- Tin snips
Tin snips are tools used to cut thin sheet metal. There are two broad categories: tinner snips, which are similar to common scissors, and compound leverage aviation snips, which use a compound leverage handle system.
There are two major types of aviation snips, which differ by the type of blade pattern; regular aviation snips and offset blade aviation snips. Within the regular model category there are three types or blade patterns: straight cutting, left cutting, and right cutting. Straight cutting snips (generally have yellow colored soft grips)cut in a straight line and wide curves, left cutting snips (usually red) will cut straight and in a tight curve to the left, and right cutting snips (usually green) will cut straight and in a tight curve to the right. Offset aviation snips have a blade pattern where the blade is at an angle of about 45-degrees. this design allows for the material to flow away from the blades when cutting, making it much easier to advance the snip without interference from the material being cut, which if metal or even vinyl, is rigid and difficult to move out of the way. Offset snips also keep the hand safely above the material and away from sharp edges.
In practical use the red snips pictured will be used in the right hand, for straight or curving cuts, with the base material to the right being cut neatly and the left hand will be pulling away a spiraling offcut. The green snips work in the opposite fashion in the left hand, with the waste being on the right.
Aviation snips also normally have a serrated edge that prevent material slippage and withstand heavy use. Also it is designed with a latch that holds the jaws closed if desired.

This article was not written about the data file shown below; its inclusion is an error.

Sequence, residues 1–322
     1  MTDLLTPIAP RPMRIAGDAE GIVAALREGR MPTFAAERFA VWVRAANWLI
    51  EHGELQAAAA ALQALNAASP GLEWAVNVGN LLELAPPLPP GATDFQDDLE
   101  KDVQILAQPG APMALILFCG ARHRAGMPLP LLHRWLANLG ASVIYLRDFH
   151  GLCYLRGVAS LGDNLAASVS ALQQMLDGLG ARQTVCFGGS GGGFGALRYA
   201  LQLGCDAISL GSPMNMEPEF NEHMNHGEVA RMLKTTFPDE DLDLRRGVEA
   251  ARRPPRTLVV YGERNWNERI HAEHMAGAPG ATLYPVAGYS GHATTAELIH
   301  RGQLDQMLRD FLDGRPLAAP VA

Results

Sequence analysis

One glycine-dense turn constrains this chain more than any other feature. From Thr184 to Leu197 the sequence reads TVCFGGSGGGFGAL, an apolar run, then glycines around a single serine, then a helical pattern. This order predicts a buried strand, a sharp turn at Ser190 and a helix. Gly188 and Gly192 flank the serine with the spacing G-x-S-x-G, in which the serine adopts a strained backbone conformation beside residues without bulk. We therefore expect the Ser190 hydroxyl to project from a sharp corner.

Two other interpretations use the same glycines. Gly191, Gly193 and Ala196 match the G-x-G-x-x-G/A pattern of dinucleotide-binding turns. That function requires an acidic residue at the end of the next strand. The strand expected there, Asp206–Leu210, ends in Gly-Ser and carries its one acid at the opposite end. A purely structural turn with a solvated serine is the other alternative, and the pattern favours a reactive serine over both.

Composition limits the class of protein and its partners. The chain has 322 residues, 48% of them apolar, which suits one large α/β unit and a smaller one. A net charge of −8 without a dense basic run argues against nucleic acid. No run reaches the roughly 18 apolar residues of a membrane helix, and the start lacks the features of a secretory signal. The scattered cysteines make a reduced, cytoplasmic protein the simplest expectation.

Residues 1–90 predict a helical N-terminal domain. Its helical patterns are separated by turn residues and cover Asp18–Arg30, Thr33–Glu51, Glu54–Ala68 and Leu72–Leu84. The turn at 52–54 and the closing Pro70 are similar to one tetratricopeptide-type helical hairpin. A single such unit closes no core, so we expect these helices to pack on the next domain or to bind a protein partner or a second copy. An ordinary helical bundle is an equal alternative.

There are also two other blade patterns in aviation snips: bulldog and long cut. A bulldog or notch cut aviation snip has short blades designed to cut heavy sheet metal or multiple layers of sheet metal. A common application for the bulldog is cutting through the metal cleat, which is composed of multiple layers of sheet metal, used to joint sections of metal duct work. The long cut snip has long blades, typically over two-inches long, that make it easier to make long straight cuts.
Aviation snips designed specifically for cutting hardened metals such as inconel and titanium are also available. They are similar in design to standard or offset aviation snips but have specially heat treated blades that are harder and able to withstand cutting hard metals.
Traditionally, there were two major categories of tinner snips: straight blade pattern and duckbill or circular blade pattern. Duckbill snips have a blade that more easily cuts curves and circles or shapes. An additional category that has become common in recent years is lightweight (and some have replaceable blades) tinner snips. These products use a lightweight material such as aluminum or magnesium for the body of the tool, making the much lighter than traditional forged steel tinner snips. The blades are generally made of high carbon steel. In addition to straight blade and duckbill tinner snips, there is a bulldog blade pattern model tinner snip. Bulldog tinner snips are large (16 inch long) heavy duty tinner snips designed to cut thick materials and multiple layers.
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